STEP NINE CONTINUED: Forgive ourselves for all harm we may have caused, even if it was well-intended.
Instruction: Be gracious.
It is with permission that I share the following story of a young father who was in the process of going through a divorce with the mother of his three-year-old son. The young boy, even at the age of three, understood more than what the father gave him credit for and was acting out his hurt and pain in inappropriate ways. He didn’t understand why his dad wasn’t with his mom, and he was angry. When it was suggested to the father that he apologize to his son for the situation, the man responded by saying, “There’s no way I’m going to apologize to a three-year old.” How sad — not just for the child but also for the father. He didn’t recognize the damage he was doing to his son by withholding his apology, but he also didn’t see the damage he was doing to himself and to his future relationship with his child
Apologies are simple things, and if we can let go of our pride and get in the habit of making them in the small matters, then when the big crises come along we will not find it nearly as difficult. Perhaps the father felt he didn’t need to apologize, because he felt his actions were justified in one way or another. It’s not for me to judge his actions, because I don’t know the circumstances, and, even if I did, it still wouldn’t be my place to judge. An apology can be such a powerful tool for healing. Sometimes that healing doesn’t happen in the present moment, but the memory of that attempt can help when someone, a young child in this case, reflects over his situation later in life. We might think that a three-year-old doesn’t understand, and with some children that might be true. We never know when a child’s internal self-esteem and ability to love and accept love is damaged by a mood of hatred, strife, and bitterness. Giving an apology, even if we don’t think we need to, is a matter of being gracious, and graciousness is a good thing.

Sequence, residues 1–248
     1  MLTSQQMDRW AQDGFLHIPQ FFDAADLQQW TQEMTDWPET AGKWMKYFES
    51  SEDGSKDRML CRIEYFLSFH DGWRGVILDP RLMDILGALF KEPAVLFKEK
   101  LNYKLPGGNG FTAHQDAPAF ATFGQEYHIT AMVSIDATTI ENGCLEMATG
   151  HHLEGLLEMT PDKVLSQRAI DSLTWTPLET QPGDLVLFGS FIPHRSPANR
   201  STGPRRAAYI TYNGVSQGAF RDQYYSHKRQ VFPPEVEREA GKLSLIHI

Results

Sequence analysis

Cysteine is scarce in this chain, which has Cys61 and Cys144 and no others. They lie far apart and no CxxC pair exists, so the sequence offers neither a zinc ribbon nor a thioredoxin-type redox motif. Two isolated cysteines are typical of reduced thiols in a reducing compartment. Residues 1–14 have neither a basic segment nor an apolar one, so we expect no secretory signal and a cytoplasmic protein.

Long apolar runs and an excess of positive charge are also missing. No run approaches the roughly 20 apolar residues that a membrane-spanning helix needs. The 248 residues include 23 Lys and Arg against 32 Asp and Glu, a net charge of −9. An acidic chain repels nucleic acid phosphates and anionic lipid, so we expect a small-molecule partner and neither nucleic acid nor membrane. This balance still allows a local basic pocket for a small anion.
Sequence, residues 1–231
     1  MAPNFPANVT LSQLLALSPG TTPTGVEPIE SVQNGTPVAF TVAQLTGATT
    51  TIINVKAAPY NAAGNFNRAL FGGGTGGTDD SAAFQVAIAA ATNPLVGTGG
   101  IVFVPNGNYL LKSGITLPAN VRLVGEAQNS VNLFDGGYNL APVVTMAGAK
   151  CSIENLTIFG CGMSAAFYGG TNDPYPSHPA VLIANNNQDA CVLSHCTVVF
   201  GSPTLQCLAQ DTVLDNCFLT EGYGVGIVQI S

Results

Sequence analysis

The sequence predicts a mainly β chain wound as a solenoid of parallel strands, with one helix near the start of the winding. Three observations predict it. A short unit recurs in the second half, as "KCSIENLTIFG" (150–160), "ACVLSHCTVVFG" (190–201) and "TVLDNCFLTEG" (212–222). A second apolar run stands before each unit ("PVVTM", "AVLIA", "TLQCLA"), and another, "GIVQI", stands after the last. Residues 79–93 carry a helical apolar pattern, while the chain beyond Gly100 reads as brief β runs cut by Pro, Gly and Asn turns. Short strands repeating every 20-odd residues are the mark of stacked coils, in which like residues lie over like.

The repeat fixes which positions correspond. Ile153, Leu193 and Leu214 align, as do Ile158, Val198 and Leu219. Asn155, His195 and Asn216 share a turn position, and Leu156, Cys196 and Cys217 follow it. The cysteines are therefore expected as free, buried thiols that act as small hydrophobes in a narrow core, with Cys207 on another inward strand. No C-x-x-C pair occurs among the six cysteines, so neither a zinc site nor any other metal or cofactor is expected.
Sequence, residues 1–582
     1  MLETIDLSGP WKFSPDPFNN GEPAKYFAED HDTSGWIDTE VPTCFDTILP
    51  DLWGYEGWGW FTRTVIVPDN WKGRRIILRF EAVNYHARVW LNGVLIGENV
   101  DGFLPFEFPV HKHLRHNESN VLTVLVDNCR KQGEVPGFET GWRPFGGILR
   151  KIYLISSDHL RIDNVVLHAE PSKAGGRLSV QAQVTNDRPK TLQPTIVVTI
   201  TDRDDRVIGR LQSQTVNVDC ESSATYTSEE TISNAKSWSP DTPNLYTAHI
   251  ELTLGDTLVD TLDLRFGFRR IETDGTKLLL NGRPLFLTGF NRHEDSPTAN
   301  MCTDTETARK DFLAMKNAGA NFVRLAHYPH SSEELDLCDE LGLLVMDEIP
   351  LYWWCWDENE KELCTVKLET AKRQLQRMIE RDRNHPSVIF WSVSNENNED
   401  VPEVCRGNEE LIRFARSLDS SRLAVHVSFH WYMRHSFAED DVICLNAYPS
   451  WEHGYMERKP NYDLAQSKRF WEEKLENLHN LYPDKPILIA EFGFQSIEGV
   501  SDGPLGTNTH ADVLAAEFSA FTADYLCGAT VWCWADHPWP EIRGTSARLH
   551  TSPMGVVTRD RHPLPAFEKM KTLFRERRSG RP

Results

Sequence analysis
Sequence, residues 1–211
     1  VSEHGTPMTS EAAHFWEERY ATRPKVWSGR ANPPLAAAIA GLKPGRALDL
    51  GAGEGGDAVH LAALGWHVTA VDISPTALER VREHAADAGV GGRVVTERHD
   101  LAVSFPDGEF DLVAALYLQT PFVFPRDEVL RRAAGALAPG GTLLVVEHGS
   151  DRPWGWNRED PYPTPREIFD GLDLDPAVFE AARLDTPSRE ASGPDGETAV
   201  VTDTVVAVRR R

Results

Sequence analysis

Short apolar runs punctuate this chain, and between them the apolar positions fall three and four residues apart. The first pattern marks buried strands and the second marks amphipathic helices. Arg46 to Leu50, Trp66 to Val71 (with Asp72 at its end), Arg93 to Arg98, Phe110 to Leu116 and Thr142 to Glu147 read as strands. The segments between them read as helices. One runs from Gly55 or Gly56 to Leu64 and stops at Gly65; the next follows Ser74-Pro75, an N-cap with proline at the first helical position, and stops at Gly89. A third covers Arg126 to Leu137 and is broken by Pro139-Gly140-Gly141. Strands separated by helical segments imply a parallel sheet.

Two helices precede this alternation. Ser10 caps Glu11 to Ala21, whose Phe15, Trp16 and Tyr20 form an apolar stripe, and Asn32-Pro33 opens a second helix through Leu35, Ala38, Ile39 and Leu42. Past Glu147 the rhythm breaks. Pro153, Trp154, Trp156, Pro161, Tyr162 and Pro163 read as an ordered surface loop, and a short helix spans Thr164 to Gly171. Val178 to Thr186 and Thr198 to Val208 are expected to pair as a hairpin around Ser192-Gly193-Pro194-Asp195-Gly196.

Today’s assignment is to look for ways to be gracious. Give an apology to someone if you think you might have said or done something to offend them. Show appreciation for something someone said or did. And, don’t forget to be gracious with yourself.
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